Jamal Murray could fill Evan Turner's role on Celtics bench, but with a much higher ceiling

The Celtics have the third pick in the 2016 NBA Draft.

The third pick.

While the top two players have separated themselves from the pack, it's still the third pick. Michael Jordan was the third pick. Kevin McHale was the third pick. James Harden and Deron Williams were third picks. Adam Morrison was the third pick. Well, you get the point.

There's only one guy being considered in the three hole that blends upper echelon collegiate performance (20 pts/game) with youth (just turned 19 in February) and that's Jamal Murray. He's bumped up to the third spot in ESPN's latest Big Board. In yesterday's workout, the Kentucky sharpshooter broke this year's Celtics' pre-draft record for three pointers drilling 79 out of 100. The best part? He was kind of pissed about it.

So yeah, he seems hyper competitive.

During what amounts to be a very public job interview of sorts, Jamal Murray thought it best to put his competitive nature in terms of his propensity for stealing wings as a child. That seems like something Evan Turner would do.

And that's when it hit me. Jamal Murray is the guy the Celtics should pick at number three. His role as a rookie will be to fill the Evan Turner playmaking slot with the second unit. And the Celtics can use the money they'd have to spend on resigning Evan Turner on suring up the front-court. Maybe Harrison Barnes. Maybe Hassan Whiteside. Maybe Al Horford. Here are a few reasons why Jamal Murray makes more sense in Evan Turner's shoes than ET himself.

1. He can shoot. Like really shoot. Murray shot 40% from deep as a freshman, something Buddy Hield didn't do until his senior year. The record breaking three performance for the Celtics was great, but it wasn't a fluke. Murray's been doing it in all his workouts. Chad Ford saw him go 25-27 from NBA 3 in two minutes. So... he's a better shooter than Evan Turner.

2. He played the two in college but considers himself a point guard. He should be able to serve as primary ball handler in short spurts as a rookie. But he wouldn't be alone out there.

3. And that's because he'd be coming off the bench with Marcus Smart. I for one would be pretty psyched to have the backcourt of the future coming in off the bench. Smart brings the defense. Murray makes it rain. They share ball handling duties. What am I missing here?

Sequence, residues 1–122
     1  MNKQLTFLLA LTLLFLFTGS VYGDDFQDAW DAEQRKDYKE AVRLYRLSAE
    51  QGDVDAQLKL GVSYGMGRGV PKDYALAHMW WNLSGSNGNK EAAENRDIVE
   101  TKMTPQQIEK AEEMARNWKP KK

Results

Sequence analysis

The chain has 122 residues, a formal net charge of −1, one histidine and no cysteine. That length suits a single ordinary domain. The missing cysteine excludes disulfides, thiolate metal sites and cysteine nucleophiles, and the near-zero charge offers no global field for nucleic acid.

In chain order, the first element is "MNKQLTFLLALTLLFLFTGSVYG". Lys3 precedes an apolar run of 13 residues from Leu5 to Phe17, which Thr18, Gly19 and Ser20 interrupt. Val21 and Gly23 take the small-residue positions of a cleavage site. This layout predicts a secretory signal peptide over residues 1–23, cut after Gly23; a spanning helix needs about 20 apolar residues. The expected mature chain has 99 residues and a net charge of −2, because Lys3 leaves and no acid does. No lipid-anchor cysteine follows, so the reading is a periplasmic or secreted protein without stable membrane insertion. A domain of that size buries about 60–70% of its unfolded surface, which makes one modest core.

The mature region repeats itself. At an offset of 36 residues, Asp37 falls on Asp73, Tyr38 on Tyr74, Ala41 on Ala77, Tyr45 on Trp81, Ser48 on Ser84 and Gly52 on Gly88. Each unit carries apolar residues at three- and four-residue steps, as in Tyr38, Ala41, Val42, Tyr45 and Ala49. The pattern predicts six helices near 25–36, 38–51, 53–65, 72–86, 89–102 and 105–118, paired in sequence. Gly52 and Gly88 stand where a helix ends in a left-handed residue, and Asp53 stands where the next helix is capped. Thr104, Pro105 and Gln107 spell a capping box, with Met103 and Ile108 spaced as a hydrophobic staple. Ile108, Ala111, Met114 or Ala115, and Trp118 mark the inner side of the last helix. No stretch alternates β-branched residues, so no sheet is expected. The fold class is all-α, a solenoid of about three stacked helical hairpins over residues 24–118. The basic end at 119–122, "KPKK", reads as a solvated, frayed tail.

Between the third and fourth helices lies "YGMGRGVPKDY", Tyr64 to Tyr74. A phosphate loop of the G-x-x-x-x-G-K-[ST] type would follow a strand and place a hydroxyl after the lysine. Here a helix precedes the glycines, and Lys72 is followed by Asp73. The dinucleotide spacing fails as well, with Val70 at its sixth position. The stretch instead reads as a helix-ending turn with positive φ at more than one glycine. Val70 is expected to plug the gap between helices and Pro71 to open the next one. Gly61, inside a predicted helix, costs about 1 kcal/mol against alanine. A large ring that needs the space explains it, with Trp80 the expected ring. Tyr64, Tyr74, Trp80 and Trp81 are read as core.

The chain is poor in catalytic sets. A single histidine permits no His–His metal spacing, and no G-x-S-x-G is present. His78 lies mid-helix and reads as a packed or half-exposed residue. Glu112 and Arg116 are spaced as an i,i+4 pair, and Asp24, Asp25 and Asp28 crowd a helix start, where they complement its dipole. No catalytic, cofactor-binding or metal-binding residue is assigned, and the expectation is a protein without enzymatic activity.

4. There's no better place for a young guard to improve their offensive game than Boston. So this kid would have to go up against First-Team All-Defense Avery Bradley, Jae Crowder, Marcus Smart, and Terry Rozier every day in practice? Not too many teams in the NBA boast that level of perimeter defense. By the time training camp ends, Murray will have already been exposed to elite NBA defense and be far more prepared to play a role as a rookie than his first-year counterparts.

5. He's Canadian.

Before you point to all the guards in the Celtics stable remember how it felt when the C's failed to find the ocean in this year's playoff series against the Hawks. You don't pass on Murray with the three pick because you already have Terry Rozier, RJ Hunter, and James Young on the team. Those guys could end up being rotation guys or they could be lacing up in China when their rookie deals end. Not one of them are the level of prospect that Jamal Murray is.

Murray has a chance to be an elite shooter and playmaker. He has the tools to play the Evan Turner role in the short term, but who even knows where his ceiling is. The C's know what they're getting with ET, but with Murray there's potential for a foundational offensive force.

And his quote game might just take after his potential predecessor's. Let's draft him and find out.

Photo Credit Sean Rayford/AP

Related: Eye On The Draft: Jamal Murray's strengths and weaknesses